Houston DEA hosts fentanyl summit, families speak about their tragic experiences

Ryan Garcia, a 17-year-old from Austin who loved football, passed away before he could get his driver's license. He died from fentanyl poisoning on February 11. 

"One pill. He made a mistake," says his mother Rebecca Benavides. "I don't want anybody else to go through what I'm going through." 

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Benavides was one of several mothers who spoke about their loved ones dying from fentanyl poisoning at the Regional Family Summit, hosted by the Houston Drug Enforcement Administration's Office. Since May, the local office has seized over 350,000 fentanyl pills disguised as another drug. 

At least 150,000 of them contained a lethal dose of fentanyl - which totals to saving about 154,000 lives. Agents say the reason these drugs are becoming so prominent and dangerous is the ability to quickly mass-produce them. 

"Before to get any type of illegal drug, you had to go to a shady side of town, or you had to wait on crops," says Deputy Special Agent Miguel Madrigal. "Fentanyl's completely different. It's year-round. You can buy it off of your phone, social media, and order pills. It can be delivered to your home." 

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Madrigal says large amounts of precursor chemicals from China are sent to Mexico where inclandestine labs are able to produce thousands of pills per day.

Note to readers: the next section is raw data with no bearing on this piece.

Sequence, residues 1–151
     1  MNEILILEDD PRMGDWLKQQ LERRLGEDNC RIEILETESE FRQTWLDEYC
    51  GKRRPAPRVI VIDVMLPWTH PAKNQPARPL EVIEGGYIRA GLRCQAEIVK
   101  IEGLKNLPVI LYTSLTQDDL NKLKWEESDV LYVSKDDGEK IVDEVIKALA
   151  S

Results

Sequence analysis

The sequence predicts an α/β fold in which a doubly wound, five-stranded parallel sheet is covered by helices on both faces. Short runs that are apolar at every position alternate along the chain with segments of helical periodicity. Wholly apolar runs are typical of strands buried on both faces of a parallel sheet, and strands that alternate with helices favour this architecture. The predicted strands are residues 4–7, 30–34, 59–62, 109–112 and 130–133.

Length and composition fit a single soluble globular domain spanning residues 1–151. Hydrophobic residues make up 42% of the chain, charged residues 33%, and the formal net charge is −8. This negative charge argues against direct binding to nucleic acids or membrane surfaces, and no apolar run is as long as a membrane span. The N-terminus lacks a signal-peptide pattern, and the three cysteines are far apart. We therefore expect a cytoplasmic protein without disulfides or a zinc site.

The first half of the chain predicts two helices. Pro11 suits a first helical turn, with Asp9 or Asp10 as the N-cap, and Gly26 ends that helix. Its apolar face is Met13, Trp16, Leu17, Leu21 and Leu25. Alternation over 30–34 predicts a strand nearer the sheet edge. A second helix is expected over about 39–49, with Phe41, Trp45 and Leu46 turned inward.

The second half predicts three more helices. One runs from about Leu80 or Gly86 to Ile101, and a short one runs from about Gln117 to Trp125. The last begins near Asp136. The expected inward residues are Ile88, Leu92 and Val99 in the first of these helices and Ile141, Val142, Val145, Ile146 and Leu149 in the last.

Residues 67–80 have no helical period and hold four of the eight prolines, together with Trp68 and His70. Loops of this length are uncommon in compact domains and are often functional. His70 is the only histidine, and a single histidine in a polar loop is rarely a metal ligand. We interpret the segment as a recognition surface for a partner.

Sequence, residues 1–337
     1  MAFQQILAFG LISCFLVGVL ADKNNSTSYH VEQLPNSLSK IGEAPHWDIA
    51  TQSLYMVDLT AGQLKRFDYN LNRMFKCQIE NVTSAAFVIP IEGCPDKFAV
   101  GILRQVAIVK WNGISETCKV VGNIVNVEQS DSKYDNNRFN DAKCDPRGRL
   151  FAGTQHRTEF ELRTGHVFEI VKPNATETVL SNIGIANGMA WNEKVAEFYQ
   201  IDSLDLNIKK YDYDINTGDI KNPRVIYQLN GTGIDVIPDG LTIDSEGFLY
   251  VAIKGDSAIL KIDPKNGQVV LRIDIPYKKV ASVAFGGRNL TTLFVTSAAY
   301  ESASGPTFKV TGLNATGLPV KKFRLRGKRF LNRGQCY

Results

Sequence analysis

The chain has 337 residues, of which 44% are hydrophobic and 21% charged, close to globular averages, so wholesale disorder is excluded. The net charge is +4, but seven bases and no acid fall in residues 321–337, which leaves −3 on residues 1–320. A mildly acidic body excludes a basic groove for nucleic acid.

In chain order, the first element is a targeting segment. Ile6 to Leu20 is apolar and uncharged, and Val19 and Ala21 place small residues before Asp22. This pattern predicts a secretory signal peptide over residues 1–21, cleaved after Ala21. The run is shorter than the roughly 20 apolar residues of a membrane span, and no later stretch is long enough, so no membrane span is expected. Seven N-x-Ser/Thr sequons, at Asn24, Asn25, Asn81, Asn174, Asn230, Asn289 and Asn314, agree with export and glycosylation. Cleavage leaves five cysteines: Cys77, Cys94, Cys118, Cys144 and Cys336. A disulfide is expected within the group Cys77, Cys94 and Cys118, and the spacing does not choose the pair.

"It's a widespread amount of possible consumers, from teenagers to housewives. It's readily available. The biggest challenge is, as is our campaign, "One Pill Can Kill." You can get one bad pill, and you could die," says Madrigal.

The Houston Division is conducting at least 70 investigations related to fentanyl. Each one of their offices has established a task force for these types of cases. 

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Ryan Garcia's mother says she's devoted to becoming a part of the solution to help other families with the growing problem. 

"I don't want anybody else to go through what I'm going through," says Benavides. "I'm just missing Ryan, and wishing we knew the knowledge about fentanyl before he was poisoned."

You can learn more about fentanyl about how it's impacting the Houston area by visiting the DEA's website.